> the CPU temperature and the link LED's are off when the Ethernet ports are
> linked at 1 gig. I've complained about the link LED issue on the PC Engines
> support forum, but I guess there's no desire to fix it. Oh well.
>

Call me crazy, but when OpenBSD takes over control of the Realtek chips,
isn't it OpenBSD's responsibility to program them properly, not the BIOS?

In any event, I'm using a redundant pair of APUs with crucial/plextor msata
for DNS, DHCP, NTP, and another pair for FreeRadius with master-master mysql
back-end. I also use one at home and in other low-power environments. They
run a little warm, like everyone says. They are VERY fast compared to the
ALIX.

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Re: Packet Filter router i368 vs 64bit

lists
On Tue, Dec 02, 2014 at 07:51:19AM -0800, Chris Cappuccio wrote:
> Stan Gammons [[hidden email]] wrote:
> Call me crazy, but when OpenBSD takes over control of the Realtek chips,
> isn't it OpenBSD's responsibility to program them properly, not the BIOS?

Wouldn't this generally be controlled by the firmware?

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Re: Packet Filter router i368 vs 64bit

Chris Cappuccio
[hidden email] [[hidden email]] wrote:
> On Tue, Dec 02, 2014 at 07:51:19AM -0800, Chris Cappuccio wrote:
> > Stan Gammons [[hidden email]] wrote:
> > Call me crazy, but when OpenBSD takes over control of the Realtek chips,
> > isn't it OpenBSD's responsibility to program them properly, not the BIOS?
>
> Wouldn't this generally be controlled by the firmware?

Which firmware?

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Re: Packet Filter router i368 vs 64bit

Stan Gammons-2
In reply to this post by Chris Cappuccio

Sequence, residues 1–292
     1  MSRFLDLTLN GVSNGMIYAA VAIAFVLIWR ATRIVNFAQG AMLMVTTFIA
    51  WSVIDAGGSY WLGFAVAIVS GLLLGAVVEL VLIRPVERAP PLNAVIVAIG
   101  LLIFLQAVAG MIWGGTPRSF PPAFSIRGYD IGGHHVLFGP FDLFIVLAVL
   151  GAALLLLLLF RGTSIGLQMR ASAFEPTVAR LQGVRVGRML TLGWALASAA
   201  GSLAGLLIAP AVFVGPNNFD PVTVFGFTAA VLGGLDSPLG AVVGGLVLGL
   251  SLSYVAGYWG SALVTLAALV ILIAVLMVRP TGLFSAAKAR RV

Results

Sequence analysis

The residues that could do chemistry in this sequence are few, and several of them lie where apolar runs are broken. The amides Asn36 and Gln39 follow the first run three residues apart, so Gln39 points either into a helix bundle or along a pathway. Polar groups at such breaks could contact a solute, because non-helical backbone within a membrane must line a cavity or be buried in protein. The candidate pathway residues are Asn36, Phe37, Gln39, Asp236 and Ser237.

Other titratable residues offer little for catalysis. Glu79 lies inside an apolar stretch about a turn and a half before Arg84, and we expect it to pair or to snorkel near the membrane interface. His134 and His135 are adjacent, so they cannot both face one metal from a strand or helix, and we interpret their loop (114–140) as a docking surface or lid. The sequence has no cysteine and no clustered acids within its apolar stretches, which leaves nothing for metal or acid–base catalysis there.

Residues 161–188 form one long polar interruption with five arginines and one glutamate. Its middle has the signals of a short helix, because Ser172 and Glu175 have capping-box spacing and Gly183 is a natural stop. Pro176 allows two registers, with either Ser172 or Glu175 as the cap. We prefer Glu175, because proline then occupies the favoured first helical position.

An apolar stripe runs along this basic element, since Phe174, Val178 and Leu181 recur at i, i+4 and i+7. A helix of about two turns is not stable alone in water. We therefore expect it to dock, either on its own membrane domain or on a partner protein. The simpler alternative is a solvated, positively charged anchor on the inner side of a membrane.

On 12/02/14 09:51, Chris Cappuccio wrote:
> Stan Gammons [[hidden email]] wrote:
>> The APU1C works fine for a home network.  The only 2 things I dislike are
>> the CPU temperature and the link LED's are off when the Ethernet ports are
>> linked at 1 gig. I've complained about the link LED issue on the PC Engines
>> support forum, but I guess there's no desire to fix it. Oh well.
>>
> Call me crazy, but when OpenBSD takes over control of the Realtek chips,
> isn't it OpenBSD's responsibility to program them properly, not the BIOS?
>

Well, using any version of OpenBSD 5.5 and newer the LEDs work right
with this NIC.

re0 at pci2 dev 0 function 0 "Realtek 8168" rev 0x06: RTL8168E/8111E-VL
(0x2c80), msi, address 90:2b:34:af:eb:1a
rgephy0 at re0 phy 7: RTL8169S/8110S PHY, rev. 5

With this NIC, which is the one in the APU, the LEDs don't work right.

re0 at pci1 dev 0 function 0 "Realtek 8168" rev 0x06: RTL8168E/8111E
(0x2c00), msi, address 00:0d:b9:33:75:88
rgephy0 at re0 phy 7: RTL8169S/8110S PHY, rev. 4

So, the question is why don't the LEDs work right on the NIC in the
APU?  The NIC in the APU is very similar to the one that the LEDs do
work right on.

I'm pretty sure the FreeBSD Realtek driver is the same as the OpenBSD
one, although I haven't tried FreeBSD on an APU.  Or have I tried Linux
on one.  I guess I could try both on the APU to see if there's any
difference.


Stan

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Re: Packet Filter router i368 vs 64bit

Darren Tucker
In reply to this post by Gilles Cafedjian
On Fri, Nov 28, 2014 at 6:32 PM, Blaise Hizded <[hidden email]> wrote:
>
> I run the previous generation ALIX 2D13 with OpenBSD 5.6 on it for a
> home firewall with 10MB WAN broadband and 100MB between computers.
> All is fine: low temperature, low consumption, same speed as with a
> basic 100MBB switch.
>

I spent some time tuning the vr(4) driver on ALIX a while back[1], and in
my experience the throughput maxes out at around 85 Mbit/s of TCP (ie
iperf) traffic through it.  I don't know what the limiting factor is, but
it's not CPU.  My guess is it's the checksum offload hardware in the chips,
in which case doing those in software would be faster at the cost of using
more CPU, but I never tested this theory.

[1] http://undeadly.org/cgi?action=article&sid=20130201054156

--
Darren Tucker (dtucker at zip.com.au)
GPG key 8FF4FA69 / D9A3 86E9 7EEE AF4B B2D4  37C9 C982 80C7 8FF4 FA69
    Good judgement comes with experience. Unfortunately, the experience
usually comes from bad judgement.

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Re: Packet Filter router i368 vs 64bit

Josh Grosse
On Wed, Dec 03, 2014 at 10:54:14AM +1100, Darren Tucker wrote:

> On Fri, Nov 28, 2014 at 6:32 PM, Blaise Hizded <[hidden email]> wrote:
> >
> > I run the previous generation ALIX 2D13 with OpenBSD 5.6 on it for a
> > home firewall with 10MB WAN broadband and 100MB between computers.